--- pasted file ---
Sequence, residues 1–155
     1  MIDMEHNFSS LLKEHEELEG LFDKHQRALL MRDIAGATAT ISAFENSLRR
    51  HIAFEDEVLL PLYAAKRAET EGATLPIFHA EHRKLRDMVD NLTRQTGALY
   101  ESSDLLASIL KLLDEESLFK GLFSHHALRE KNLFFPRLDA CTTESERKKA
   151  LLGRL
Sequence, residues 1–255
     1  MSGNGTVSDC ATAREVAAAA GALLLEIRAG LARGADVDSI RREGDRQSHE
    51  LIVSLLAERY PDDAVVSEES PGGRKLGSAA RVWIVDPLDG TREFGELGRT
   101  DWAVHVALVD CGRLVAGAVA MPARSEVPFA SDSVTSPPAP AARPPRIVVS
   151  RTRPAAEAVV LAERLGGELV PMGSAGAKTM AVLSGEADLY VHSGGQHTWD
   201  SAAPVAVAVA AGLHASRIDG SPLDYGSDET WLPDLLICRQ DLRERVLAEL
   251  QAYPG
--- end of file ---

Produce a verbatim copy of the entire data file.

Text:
Sequence, residues 1–155
     1  MIDMEHNFSS LLKEHEELEG LFDKHQRALL MRDIAGATAT ISAFENSLRR
    51  HIAFEDEVLL PLYAAKRAET EGATLPIFHA EHRKLRDMVD NLTRQTGALY
   101  ESSDLLASIL KLLDEESLFK GLFSHHALRE KNLFFPRLDA CTTESERKKA
   151  LLGRL
Sequence, residues 1–255
     1  MSGNGTVSDC ATAREVAAAA GALLLEIRAG LARGADVDSI RREGDRQSHE
    51  LIVSLLAERY PDDAVVSEES PGGRKLGSAA RVWIVDPLDG TREFGELGRT
   101  DWAVHVALVD CGRLVAGAVA MPARSEVPFA SDSVTSPPAP AARPPRIVVS
   151  RTRPAAEAVV LAERLGGELV PMGSAGAKTM AVLSGEADLY VHSGGQHTWD
   201  SAAPVAVAVA AGLHASRIDG SPLDYGSDET WLPDLLICRQ DLRERVLAEL
   251  QAYPG